Ritual Notes

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Saint Paul implores us to remain “unspotted from the world.” I suppose I have my share of spots but, in order to keep from accumulating any more, I do my best to avoid the news. Even so, I cannot but notice that something is amiss. Odd staples go missing from the refrigerator for days at a time: butter, sausages, milk, ham, mustard, and so on, only to reappear in bulk a week later, like a cornucopia stocked by an obsessive compulsive with a Costco membership. This morning I trekked into the deep interior of the pantry to discover two cans of tomato paste, an old jug of maple syrup, and eight tons of ramen. Nowhere, however, could I discover toast, oatmeal, or anything bearing a vague resemblance to an omelette or welsh rabbit to break my fast with.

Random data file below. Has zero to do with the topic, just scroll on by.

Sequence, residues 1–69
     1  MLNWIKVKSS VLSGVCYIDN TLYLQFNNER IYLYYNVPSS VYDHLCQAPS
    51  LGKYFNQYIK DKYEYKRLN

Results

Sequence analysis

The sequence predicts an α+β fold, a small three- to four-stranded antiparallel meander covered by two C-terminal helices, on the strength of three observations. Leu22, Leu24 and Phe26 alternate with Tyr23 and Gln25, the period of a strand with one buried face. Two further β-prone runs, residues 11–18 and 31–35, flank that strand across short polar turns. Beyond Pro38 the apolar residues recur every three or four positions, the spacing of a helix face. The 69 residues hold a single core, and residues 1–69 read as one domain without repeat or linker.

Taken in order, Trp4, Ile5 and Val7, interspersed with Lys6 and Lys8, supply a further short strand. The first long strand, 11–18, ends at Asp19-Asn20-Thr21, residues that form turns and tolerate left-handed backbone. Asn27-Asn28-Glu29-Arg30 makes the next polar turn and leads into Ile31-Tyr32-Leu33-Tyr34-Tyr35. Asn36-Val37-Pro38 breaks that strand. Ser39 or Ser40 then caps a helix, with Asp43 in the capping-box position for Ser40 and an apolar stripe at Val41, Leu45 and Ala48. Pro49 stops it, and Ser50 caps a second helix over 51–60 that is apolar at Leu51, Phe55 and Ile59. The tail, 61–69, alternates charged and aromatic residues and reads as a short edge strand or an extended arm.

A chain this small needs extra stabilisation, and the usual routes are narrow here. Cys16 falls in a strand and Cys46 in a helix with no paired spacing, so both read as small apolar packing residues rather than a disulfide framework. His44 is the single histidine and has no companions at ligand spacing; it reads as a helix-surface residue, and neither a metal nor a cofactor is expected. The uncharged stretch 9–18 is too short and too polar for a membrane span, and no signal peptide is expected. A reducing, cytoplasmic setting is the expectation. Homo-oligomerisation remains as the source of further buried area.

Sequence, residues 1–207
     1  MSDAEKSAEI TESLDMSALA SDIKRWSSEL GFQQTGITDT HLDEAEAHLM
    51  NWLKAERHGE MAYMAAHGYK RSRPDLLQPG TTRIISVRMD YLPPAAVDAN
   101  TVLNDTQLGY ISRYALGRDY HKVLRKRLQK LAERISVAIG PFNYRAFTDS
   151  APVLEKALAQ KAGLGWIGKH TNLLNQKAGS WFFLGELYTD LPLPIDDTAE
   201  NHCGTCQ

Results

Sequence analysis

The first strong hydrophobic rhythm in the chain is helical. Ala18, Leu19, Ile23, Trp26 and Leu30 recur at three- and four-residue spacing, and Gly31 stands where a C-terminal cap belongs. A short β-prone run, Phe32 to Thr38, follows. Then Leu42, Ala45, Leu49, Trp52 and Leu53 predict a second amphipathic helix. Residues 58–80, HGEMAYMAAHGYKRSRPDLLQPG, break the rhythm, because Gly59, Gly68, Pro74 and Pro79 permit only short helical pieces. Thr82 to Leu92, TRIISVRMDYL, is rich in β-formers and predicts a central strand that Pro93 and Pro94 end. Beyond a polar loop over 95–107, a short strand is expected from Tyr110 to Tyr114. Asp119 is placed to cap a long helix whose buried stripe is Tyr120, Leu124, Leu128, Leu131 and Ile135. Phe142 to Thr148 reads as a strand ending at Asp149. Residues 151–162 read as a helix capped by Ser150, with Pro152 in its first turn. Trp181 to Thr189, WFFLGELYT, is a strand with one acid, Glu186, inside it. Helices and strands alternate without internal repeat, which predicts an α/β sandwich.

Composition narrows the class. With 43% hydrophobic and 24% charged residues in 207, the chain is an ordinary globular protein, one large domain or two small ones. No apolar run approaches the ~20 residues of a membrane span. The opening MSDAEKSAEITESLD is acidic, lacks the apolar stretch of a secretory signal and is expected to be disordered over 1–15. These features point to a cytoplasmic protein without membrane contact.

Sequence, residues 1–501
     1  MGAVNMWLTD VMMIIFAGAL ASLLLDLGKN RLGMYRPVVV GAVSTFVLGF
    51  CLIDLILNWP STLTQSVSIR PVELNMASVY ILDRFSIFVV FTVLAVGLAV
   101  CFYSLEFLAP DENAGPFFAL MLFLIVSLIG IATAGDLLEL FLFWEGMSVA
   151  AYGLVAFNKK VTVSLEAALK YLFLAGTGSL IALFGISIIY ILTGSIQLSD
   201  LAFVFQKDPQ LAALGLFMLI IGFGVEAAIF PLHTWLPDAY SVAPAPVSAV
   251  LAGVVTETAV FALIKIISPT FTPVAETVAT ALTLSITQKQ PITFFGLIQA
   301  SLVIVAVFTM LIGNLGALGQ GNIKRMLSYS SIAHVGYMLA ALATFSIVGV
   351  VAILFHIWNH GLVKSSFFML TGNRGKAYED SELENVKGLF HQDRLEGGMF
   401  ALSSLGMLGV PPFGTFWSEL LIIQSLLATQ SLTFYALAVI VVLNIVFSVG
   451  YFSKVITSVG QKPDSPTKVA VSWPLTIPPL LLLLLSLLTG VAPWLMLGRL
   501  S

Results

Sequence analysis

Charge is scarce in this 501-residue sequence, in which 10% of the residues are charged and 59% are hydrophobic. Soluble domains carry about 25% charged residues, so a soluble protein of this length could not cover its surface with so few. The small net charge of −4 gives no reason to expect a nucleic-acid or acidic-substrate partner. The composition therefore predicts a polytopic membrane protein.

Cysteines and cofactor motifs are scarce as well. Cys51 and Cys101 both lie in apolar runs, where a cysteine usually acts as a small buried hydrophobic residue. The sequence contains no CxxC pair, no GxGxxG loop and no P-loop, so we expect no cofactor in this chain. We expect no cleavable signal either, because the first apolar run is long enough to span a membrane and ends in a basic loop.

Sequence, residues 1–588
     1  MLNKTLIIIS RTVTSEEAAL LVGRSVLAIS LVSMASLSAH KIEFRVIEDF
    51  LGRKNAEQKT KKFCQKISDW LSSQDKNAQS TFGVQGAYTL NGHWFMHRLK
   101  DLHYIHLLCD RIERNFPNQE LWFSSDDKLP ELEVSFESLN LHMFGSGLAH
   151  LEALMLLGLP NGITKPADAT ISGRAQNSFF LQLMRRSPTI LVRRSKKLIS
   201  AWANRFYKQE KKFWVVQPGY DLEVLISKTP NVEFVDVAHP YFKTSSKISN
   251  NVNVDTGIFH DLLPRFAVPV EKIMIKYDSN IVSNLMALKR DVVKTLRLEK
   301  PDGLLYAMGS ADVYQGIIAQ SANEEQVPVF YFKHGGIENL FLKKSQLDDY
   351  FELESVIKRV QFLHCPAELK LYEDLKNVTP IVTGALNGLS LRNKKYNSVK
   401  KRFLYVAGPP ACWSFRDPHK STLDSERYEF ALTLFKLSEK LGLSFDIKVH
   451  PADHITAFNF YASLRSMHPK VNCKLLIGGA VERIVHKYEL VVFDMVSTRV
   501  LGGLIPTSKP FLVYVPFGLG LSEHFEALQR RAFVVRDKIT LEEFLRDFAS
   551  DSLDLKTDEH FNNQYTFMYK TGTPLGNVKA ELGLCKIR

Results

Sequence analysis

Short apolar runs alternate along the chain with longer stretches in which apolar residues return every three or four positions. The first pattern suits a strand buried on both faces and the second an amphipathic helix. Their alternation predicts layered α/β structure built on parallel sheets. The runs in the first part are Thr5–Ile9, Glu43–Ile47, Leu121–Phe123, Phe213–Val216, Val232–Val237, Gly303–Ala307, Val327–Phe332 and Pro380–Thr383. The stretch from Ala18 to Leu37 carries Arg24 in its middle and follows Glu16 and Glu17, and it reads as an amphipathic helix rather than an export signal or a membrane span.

It all feels unusual.

A friend from Poland told me once that, in the bad old days of the Soviets, people used to wait in lines a hundred-men deep for the same necessities over which contemporary Americans are getting into fisticuffs at grocery stores (or so I’m told by my wife, who reads the news for me.) Of course, if you were a small girl, as my friend was then, you were liable to be shoved out of the way, or to have your chocolate rations stolen by some local tough. But, for the most part, she says people were more united by the experience of being under the same thumb than they are today, when self-interest is pursued without hindrance from the commissars. If you had an extra store of flour or sugar, you made an enormous amount of cake and gave a party for the neighborhood. I remember her family being the sole support for the social life of the cul-de-sac where they made their home, many years after their emigration to the United States. Few of the Yankee families I know, even if they threw a party, would be capable of the heroic efforts at jollity that these warm-hearted people regularly performed. I recall waking up at four in the morning to the sound of loud singing, mostly in a foreign tongue, and the clink of glasses of lemon-infused vodka.